Jerry Duncan

Jerry N. Duncan, Ph.D., ABPP

There are many ways to develop a sense of meaning and purpose in our lives. If you ask others what gives them a sense of meaning and purpose, you will probably hear many answers.

Some will say they find a sense of meaning and purpose in their job, in their family relationships, or in the relationships they have with their friends.

Others will tell you they find meaning and purpose in the volunteer work they do for some charitable organization.

If you are willing to consider that God had something in mind for us other than living in a garden and naming animals, your first question becomes, “OK, what am I designed to be and do?”

Good question.

When we create things, it is usually for some instrumental purpose.

We create things with the idea in mind that what we create will bring us pleasure or make some area of our lives easier or more productive. It shouldn’t surprise us that God thinks differently than us, and has different motives for His creative efforts.

God appears to have designed us with the intention of our greatest sense of meaning and purpose to come from relationships.

As odd as it may seem, this creator wants to have a personal walking/talking relationship with us.

He wants tohear from us (prayer), and He wants us to desire to hear from Him (speaking within us or through some Scripture we might read).

Remember what it feels like to really like, love, be in love with someone? You think about them all the time.

If you could, you would be hanging out with them every waking moment. You really look forward to the next time you get to be together. That is the way God feels about us- and wants us to feel about Him. We matter to Him.

God said we were also created for relationships with others. He even told us how to do it.

In the 10th chapter of John, Jesus carefully explains the difference between loving and caring for others as a “hired hand” or a real and committed “shepherd.”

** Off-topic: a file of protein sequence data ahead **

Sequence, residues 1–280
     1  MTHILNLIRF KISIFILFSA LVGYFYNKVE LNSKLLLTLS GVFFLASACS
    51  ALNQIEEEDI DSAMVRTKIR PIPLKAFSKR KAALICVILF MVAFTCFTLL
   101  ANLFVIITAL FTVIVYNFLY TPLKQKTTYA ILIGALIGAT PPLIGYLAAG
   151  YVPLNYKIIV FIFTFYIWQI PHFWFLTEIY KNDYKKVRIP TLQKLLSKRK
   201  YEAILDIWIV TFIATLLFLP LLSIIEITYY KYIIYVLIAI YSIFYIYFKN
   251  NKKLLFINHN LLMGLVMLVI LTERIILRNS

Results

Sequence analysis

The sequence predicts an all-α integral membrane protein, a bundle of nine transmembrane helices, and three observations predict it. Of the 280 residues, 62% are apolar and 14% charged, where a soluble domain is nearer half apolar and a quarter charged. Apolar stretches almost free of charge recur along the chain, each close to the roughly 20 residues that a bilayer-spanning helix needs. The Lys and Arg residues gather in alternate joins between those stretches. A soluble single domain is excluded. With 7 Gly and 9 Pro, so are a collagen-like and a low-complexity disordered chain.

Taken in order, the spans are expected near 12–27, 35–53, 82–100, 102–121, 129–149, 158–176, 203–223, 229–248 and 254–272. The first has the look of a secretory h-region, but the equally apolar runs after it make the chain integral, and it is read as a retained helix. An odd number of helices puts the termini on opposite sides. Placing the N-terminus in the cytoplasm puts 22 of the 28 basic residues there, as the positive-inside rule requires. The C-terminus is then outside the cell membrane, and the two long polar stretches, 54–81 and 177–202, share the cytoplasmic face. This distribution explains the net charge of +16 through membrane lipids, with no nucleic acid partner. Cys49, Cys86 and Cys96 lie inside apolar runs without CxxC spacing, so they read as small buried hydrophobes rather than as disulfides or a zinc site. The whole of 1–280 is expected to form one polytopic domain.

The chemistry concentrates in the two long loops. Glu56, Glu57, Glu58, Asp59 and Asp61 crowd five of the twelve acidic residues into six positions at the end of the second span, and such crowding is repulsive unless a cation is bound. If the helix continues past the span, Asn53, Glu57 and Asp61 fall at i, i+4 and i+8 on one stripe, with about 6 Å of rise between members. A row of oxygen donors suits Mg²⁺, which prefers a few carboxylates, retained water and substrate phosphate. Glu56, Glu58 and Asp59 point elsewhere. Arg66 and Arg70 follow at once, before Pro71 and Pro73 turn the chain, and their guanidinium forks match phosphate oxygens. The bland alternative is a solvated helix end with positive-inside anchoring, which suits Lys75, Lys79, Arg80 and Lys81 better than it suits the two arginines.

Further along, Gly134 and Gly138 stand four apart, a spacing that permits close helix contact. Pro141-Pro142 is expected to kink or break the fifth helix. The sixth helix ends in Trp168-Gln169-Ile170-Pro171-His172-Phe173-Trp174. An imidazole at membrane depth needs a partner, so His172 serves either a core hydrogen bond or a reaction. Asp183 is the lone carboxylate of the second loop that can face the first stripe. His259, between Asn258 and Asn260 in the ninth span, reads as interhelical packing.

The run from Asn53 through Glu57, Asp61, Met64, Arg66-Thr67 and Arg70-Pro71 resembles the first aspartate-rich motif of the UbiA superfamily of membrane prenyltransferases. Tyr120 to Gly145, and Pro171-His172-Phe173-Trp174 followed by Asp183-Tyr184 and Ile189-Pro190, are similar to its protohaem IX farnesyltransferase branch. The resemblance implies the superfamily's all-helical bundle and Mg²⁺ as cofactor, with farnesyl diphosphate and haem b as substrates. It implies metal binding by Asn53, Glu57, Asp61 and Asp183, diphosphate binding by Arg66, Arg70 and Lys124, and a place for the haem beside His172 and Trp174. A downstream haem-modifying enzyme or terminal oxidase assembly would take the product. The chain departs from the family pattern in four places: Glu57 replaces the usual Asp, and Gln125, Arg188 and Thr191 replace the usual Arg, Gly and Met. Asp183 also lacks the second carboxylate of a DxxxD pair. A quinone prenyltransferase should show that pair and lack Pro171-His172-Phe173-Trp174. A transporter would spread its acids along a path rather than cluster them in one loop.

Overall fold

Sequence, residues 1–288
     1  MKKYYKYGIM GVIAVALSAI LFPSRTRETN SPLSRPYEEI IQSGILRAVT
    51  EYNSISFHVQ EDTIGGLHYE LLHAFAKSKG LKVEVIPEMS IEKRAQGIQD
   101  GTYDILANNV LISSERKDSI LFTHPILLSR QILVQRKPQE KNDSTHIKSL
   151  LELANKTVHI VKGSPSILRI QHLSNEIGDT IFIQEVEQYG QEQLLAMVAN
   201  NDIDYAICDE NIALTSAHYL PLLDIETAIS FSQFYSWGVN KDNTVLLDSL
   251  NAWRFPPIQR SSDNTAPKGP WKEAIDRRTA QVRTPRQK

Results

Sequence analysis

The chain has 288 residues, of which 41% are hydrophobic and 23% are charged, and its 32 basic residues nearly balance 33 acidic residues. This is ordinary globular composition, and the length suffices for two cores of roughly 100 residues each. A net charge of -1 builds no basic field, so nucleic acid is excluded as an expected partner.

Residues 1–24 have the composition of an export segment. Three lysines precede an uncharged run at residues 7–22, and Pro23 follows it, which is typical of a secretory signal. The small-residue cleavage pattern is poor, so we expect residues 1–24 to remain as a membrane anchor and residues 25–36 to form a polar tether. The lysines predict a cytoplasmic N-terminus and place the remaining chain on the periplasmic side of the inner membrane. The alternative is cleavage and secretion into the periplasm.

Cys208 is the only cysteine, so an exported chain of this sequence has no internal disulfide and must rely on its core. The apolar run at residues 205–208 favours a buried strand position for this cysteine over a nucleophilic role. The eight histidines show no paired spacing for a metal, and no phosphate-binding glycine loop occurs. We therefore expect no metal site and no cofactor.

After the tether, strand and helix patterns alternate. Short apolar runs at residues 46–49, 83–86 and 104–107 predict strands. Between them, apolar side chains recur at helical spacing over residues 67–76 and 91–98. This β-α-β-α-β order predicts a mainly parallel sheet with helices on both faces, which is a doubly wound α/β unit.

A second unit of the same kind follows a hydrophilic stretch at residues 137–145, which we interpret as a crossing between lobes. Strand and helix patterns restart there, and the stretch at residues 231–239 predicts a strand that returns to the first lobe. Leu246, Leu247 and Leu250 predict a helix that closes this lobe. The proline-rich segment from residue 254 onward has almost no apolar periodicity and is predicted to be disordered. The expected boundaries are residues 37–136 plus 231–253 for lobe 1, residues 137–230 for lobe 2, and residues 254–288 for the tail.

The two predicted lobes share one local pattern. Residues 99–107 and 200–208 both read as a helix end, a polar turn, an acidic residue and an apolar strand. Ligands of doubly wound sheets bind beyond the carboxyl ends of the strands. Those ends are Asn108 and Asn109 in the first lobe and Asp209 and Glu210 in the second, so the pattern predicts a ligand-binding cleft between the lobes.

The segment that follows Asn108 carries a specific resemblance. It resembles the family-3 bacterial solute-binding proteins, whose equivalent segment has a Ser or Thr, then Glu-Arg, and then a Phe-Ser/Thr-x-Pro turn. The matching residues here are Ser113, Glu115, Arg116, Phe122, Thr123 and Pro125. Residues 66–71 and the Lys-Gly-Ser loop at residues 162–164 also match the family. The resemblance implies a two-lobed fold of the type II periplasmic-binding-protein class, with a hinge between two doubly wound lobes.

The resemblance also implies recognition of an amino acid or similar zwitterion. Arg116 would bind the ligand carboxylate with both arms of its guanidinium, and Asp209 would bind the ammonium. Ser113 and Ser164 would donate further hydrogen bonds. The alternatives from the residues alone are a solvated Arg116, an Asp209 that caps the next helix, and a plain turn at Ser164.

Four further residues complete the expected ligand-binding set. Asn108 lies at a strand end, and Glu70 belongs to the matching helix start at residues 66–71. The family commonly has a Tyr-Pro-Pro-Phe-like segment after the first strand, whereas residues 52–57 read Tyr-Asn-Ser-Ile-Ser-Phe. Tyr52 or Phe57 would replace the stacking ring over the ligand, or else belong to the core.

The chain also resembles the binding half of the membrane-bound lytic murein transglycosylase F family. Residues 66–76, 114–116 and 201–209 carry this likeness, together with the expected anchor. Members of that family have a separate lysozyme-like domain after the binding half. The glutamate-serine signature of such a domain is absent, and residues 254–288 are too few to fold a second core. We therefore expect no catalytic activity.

“The Good Shepherd puts the sheep before himself, sacrifices himself if necessary. A hired man is not a real shepherd. The sheep mean nothing to him. He sees a wolf come and runs for it, leaving the sheep to be ravaged and scattered by the wolf. He’s only in it for the money. The sheep don’t matter to him. I put the sheep before myself, sacrificing myself if necessary.” — John 10:11-15

Do the “sheep” matter to us? When we see others in need, are we quickly courageous?

Is it obvious, without us verbally declaring it, that what we have done is truly sacrificial?

In New York in 1964, Kitty Genovese was returning home from work late one night when she was attacked in front of her apartment building.

She screamed for help, and many apartment residents, at least 38 of them, heard her cries for help and looked out their windows. The attacker fled, but no one intervened.

The attacker returned and continued his assault for another 35 minutes before finally murdering her.

The first person in the apartment complex to call the police did not do so until after Genovese had been killed.

She needed someone to be quickly courageous and someone willing to be sacrificial.

There are a lot of “Kitty Genovese opportunities” out there for those who are willing to understand their original design.

Want to be a good shepherd?

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